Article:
One thing healthcare organizations can do is use metrics to ensure that women and people of color are being given the same opportunities as everyone else – to be stretched professionally and to take on expanded roles so they’ll have the right experiences as C-suite openings become available. I’m not talking about job quotas. I’m talking about tracking whether people are getting the opportunities to grow and prepare for senior leadership roles.
Some businesses in other industries are making similar efforts to ensure they are providing equal opportunities to all promising employees. Healthcare, in contrast, generally lacks sufficient diversity plans and initiatives. Healthcare organizations could learn some lessons from proactive leadership diversity efforts being made in other industries.
One of the reasons business in general is being much more responsive and proactive is because its shareholder base, large mutual funds such as Fidelity or T. Rowe Price, are demanding these companies put a spotlight on and make diversity a priority. Many organizations in the healthcare space are not-for-profit, and thus aren’t under that kind of direct shareholder pressure. But there’s no reason the people on the boards of healthcare organizations shouldn’t be asking management about diversity plans and holding provider and plan leaders accountable for putting diversity at the forefront of their talent strategy.
Diversity in healthcare can extend beyond executive leadership to the supply chain. Is your organization buying its medical supplies, accounting services, legal services, and technology from diverse companies? If not, you’re shortchanging staff and patients because you could do better as an organization by cultivating a more diverse base of suppliers.
I also have advice for any young, aspiring professional: Don’t wait for someone to give you the opportunity. I call it “filling up white space” in every organization. There's always more to be done than there are people to do the work. If you volunteer to do something that really stretches you, and then you do it well and you continue to do it, people will notice and you will have successfully created strategic opportunities that you can leverage in support of your leadership goals.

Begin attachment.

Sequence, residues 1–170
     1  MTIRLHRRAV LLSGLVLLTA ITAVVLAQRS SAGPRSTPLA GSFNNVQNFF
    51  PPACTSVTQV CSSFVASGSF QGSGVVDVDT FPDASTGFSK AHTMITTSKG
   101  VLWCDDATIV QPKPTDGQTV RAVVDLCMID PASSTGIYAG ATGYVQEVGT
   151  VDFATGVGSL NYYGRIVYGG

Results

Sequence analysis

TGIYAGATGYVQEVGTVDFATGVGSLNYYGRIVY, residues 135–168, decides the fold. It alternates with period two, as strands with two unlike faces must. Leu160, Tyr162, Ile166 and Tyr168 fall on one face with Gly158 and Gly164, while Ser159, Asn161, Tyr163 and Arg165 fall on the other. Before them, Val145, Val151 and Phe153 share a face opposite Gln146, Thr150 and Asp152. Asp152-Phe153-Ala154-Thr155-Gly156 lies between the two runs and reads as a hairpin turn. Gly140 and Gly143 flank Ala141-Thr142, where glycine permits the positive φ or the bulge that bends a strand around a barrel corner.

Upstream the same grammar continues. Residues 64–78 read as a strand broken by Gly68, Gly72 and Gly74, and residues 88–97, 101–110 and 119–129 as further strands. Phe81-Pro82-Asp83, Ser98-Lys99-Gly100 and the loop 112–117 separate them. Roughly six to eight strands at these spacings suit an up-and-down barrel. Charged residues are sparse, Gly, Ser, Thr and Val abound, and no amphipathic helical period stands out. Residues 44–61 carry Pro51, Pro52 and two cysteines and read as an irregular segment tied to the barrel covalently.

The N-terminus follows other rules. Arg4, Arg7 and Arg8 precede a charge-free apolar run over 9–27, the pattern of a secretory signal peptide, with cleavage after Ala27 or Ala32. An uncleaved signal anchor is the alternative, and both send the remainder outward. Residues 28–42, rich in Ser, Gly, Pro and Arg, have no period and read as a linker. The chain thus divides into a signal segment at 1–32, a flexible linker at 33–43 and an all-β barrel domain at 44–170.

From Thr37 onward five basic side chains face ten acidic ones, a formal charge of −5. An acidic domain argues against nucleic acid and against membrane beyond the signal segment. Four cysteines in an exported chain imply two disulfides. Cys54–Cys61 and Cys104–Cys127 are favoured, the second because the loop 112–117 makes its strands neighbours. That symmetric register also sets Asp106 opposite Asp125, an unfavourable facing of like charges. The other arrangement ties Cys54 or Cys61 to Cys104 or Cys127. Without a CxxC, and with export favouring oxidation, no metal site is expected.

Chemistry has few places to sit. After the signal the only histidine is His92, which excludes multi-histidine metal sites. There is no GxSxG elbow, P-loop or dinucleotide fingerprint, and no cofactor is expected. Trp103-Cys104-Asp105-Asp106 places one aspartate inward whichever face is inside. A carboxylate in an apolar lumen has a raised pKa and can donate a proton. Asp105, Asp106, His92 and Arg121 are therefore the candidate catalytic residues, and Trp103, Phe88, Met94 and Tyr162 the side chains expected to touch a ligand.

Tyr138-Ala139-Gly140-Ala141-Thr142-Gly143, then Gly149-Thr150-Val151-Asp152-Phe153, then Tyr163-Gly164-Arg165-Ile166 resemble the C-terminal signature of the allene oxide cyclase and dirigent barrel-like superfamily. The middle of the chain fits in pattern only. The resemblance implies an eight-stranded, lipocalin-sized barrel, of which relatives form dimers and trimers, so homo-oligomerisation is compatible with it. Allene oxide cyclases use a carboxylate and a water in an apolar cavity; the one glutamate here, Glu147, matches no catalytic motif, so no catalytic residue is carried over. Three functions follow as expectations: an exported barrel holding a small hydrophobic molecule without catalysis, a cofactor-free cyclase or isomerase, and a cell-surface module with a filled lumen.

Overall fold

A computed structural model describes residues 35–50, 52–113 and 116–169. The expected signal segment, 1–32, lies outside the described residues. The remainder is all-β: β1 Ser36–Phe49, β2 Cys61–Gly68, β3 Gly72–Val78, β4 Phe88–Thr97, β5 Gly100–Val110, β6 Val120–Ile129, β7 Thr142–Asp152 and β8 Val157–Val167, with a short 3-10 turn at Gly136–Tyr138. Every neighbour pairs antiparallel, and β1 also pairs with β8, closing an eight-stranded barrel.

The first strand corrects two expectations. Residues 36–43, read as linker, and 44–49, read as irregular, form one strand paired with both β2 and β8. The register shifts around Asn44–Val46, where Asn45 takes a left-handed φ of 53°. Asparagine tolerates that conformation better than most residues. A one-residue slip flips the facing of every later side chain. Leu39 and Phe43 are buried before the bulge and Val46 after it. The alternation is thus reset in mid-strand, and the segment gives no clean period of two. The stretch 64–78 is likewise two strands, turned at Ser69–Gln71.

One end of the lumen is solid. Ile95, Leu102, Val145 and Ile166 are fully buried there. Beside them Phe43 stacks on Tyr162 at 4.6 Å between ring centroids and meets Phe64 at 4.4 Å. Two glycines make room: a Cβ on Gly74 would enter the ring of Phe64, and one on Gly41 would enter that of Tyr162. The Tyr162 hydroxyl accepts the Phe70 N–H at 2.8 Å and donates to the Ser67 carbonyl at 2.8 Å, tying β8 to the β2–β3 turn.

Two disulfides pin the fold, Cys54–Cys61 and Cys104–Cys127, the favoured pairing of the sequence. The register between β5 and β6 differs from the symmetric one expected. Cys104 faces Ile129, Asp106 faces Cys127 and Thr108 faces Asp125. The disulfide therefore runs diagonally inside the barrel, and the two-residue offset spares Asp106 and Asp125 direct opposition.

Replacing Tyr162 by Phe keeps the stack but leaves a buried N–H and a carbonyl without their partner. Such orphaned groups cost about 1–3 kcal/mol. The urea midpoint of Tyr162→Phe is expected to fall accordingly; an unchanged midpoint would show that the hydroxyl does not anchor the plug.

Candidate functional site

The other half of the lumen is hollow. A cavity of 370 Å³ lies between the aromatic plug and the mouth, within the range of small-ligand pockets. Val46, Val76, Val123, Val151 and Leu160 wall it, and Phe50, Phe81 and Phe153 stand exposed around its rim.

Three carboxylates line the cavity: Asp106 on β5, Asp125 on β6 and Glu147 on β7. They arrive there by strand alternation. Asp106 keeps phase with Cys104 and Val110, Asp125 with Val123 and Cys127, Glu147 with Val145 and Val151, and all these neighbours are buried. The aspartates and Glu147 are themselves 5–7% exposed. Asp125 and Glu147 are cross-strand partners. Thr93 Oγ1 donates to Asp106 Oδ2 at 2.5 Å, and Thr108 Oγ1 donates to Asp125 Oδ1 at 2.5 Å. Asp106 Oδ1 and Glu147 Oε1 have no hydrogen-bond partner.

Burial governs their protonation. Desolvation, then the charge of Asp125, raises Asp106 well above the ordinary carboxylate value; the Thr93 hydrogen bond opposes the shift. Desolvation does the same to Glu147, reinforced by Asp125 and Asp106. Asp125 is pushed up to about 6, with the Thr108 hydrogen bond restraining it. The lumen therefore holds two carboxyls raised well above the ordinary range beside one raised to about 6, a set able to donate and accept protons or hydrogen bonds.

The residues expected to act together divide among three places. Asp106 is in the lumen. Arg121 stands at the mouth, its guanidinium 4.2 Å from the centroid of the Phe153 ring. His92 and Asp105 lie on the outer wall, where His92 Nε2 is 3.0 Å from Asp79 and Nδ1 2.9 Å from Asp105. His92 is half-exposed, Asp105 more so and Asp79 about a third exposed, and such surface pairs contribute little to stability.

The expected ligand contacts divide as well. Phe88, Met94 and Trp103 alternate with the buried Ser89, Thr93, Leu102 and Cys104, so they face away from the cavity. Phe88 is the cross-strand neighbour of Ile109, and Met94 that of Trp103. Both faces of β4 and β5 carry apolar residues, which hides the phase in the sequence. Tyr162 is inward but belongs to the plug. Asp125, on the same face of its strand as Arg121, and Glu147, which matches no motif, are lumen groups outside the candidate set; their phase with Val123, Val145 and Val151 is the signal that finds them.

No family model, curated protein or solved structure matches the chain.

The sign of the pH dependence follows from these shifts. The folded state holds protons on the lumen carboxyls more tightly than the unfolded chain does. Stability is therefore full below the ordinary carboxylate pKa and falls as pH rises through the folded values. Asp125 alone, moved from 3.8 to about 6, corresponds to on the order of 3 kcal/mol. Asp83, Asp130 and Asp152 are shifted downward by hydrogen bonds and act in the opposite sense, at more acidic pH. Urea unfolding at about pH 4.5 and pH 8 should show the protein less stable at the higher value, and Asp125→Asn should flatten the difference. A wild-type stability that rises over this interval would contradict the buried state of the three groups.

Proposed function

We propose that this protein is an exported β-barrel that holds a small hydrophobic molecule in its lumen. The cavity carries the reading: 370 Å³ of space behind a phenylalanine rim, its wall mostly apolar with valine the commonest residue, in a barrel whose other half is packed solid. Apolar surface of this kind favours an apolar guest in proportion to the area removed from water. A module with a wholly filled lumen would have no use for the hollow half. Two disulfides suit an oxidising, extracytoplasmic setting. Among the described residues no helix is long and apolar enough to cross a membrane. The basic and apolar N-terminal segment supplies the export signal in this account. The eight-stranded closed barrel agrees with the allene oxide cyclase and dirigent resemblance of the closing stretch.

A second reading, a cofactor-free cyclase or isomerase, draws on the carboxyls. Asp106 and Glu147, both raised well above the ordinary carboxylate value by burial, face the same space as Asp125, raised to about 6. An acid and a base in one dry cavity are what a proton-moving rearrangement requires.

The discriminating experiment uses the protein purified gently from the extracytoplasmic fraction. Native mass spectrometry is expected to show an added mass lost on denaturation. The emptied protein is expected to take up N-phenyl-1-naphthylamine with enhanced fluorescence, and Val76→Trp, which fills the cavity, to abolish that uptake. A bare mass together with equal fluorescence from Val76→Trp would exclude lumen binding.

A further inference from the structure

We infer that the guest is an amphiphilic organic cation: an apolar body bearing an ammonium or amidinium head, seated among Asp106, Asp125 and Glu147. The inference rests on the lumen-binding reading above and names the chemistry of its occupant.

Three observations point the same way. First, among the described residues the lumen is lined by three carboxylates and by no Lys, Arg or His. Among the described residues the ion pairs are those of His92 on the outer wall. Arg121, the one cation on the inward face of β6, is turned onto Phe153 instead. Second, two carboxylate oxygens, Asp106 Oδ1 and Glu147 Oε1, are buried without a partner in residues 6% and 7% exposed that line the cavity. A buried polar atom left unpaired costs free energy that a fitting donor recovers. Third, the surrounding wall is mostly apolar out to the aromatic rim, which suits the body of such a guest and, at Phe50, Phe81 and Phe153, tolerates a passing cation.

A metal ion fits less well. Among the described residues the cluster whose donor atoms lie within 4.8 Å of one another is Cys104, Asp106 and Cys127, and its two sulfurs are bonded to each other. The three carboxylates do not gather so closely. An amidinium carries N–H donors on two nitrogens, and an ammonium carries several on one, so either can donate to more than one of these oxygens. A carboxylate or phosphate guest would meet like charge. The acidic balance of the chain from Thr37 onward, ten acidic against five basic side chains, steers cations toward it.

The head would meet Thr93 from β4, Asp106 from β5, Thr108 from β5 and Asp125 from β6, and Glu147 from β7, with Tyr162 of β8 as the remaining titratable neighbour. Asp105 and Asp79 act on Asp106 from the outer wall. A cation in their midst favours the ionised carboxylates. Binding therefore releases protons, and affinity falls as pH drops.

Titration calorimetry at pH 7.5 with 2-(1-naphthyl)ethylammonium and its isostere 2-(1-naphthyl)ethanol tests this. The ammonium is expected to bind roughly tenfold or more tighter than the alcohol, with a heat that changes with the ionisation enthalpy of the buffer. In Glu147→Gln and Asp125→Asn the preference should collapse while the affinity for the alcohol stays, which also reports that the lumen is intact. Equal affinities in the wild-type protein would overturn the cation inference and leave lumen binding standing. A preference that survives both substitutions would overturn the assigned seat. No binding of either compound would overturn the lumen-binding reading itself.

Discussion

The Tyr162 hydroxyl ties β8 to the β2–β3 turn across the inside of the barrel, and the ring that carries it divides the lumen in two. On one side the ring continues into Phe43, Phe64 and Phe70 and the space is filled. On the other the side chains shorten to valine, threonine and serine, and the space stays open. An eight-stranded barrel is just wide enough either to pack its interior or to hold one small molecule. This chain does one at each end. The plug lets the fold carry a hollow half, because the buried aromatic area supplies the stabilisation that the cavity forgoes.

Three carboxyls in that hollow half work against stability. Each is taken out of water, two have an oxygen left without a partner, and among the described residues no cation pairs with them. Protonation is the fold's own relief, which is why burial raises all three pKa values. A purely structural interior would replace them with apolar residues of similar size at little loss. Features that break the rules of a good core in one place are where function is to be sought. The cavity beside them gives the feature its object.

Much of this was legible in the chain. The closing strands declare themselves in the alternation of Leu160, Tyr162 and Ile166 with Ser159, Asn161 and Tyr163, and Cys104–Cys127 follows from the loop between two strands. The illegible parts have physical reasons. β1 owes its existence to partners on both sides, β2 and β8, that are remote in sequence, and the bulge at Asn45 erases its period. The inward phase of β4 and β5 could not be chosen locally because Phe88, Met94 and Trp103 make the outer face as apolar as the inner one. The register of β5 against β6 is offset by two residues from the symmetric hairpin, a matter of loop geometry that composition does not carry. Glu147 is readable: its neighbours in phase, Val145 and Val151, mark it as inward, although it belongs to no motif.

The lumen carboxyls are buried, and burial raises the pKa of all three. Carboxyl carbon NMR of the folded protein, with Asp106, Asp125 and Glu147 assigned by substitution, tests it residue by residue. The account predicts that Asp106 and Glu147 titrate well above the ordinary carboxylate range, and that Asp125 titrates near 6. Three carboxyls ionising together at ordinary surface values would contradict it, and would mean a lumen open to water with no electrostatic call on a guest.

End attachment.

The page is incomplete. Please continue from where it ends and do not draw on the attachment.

Finally, seek out mentors and sponsors. Those two things are very different. A mentor is someone who can help coach you on your skills development, what to present and how to present it, and prepare you for taking on a new role or job. A sponsor is someone who, when you're not in the room, is an advocate for you to step into an expanded role, a new role, or a promotion. Aspiring leaders need both.
Healthcare organizations are missing out by not actively expanding their efforts to seek out and fast-track talented individuals across many minority populations. This isn’t just about “doing good” for these minority communities. It’s about serving the organization, its employees and, most of all, its patients more effectively by ensuring their executive search encompasses a vast, traditionally undervalued reserve of individuals who will bring exceptional skills and will to the job. That’s just smart business.
About the author: Sheila Talton is the founder and CEO of Gray Matter Analytics.